Don’t Let This “Fake News” Keep You From Safe 8%+ Dividends

Michael Foster, Investment Strategist
Updated: April 10, 2023

With yields north of 7%, closed-end funds (CEFs) should be a staple of every American’s portfolio. Especially when you consider that the vast majority of these funds pay dividends every single month.

But the truth is, CEFs remain a niche product—only folks have taken the time to try them out realize what incredible income generators they are. (This is why I started my CEF Insider service: to bust the myths around CEFs and give members a selection of diversified funds they can use to build a retirement-changing income stream.)

Why are CEFs still off most people’s radar? Mainly due to the financial press and financial advisors, both of which have preached for decades that any yield of 7%, 9%, 10% or higher is unsustainable. But that’s flat-out wrong. Fact is, plenty of billionaires use CEFs to get huge income streams they can rely on for years.

With that in mind, we’re going to go debunk three big myths about CEFs. When we’re through, I think you’ll see that these funds aren’t just “nice to have” income payers but critical holds that could let you retire earlier than you thought—maybe even on dividends alone.

Myth #1: CEFs—and All High-Yield Funds—Lose Money

One reason why people think CEFs—and indeed all high-yield funds—lose money is because when they think of high yields, they often think of volatile sectors like energy. And when folks uncover one or two “bad apples” in sectors like these, they tend to “spoil the bunch.”

Consider the Infracap MLP ETF (AMZA), which, as the name says, tracks an index of master limited partnerships (MLPs). The fund pays an 8.9% dividend but has plunged 52%, even with dividends included.

Funds Like AMZA Are Why Investors Believe High Yielders Are Losers

But when we leave ETFs behind and look at CEFs from across the economy (not just in energy), the picture gets brighter: the vast majority of CEFs earned money over the last decade. In fact, over a hundred of funds tracked by CEF Insider earned a 7% or greater annualized return in that span—a sharp contrast to AMZA.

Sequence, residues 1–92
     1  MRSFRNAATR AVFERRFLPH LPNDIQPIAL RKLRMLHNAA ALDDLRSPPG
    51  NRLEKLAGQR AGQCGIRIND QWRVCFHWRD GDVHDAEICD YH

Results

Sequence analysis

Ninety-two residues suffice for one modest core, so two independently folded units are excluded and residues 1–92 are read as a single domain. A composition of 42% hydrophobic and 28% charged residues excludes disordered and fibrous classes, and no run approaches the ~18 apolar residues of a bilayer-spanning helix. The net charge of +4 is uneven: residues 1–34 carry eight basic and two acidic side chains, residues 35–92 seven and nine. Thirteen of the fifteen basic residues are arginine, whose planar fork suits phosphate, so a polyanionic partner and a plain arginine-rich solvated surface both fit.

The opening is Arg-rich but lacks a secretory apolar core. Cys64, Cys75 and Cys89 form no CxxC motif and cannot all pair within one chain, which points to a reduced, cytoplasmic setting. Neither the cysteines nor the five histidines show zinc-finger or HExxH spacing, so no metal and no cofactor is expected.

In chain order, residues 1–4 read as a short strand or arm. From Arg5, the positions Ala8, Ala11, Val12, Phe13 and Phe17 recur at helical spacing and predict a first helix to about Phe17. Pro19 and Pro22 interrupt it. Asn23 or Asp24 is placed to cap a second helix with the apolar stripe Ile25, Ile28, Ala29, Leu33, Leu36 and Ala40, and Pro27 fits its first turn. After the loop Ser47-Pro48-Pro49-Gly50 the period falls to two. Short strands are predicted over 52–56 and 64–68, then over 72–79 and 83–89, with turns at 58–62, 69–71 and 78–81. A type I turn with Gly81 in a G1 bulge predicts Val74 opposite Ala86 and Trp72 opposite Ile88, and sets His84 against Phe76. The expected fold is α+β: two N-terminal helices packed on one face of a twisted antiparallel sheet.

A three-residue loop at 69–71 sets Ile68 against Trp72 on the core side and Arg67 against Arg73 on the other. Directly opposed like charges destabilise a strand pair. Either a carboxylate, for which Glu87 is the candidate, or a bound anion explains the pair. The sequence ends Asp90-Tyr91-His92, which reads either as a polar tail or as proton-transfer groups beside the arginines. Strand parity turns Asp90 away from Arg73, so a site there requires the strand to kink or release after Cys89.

To take an example, let’s flip over to corporate bonds and consider the 11.2%-yielding PIMCO Corporate & Income Opportunity Fund (PTY), which returned 82% in the last 10 years:

Bond CEF Generates a Strong Return Through All Market Weather

PTY has over 400 peers among CEFs alone that have returned significant profits over the last decade or since their IPO (whichever is longer). This fact alone sends this myth to the dustbin.

Myth #2: CEFs Cut Payouts

If you can convince someone CEFs don’t lose money, the next argument you may hear will be that CEFs cut their dividends. And this does happen from time to time. But there’s more to the story.

In many cases, for example, CEFs make small cuts so they have more funds available to invest (if their management teams spot bargains, say). In those cases, we’re often rewarded with bigger capital gains. Or sometimes management will “churn” its portfolio, selling profitable positions and handing them to us as big special dividends. For long-term holders, these one-off payouts offset the slightly lower income from the cut. Take PTY as an example:

PTY’s Huge Payouts 

As you can see above, the huge extra payout in 2013 has made up for the 1.2-cent cut in 2021, and will cover those cuts for the next decade!

“Okay,” you may be thinking, “but surely getting a high yield means we have to sacrifice any chance at dividend growth, right?”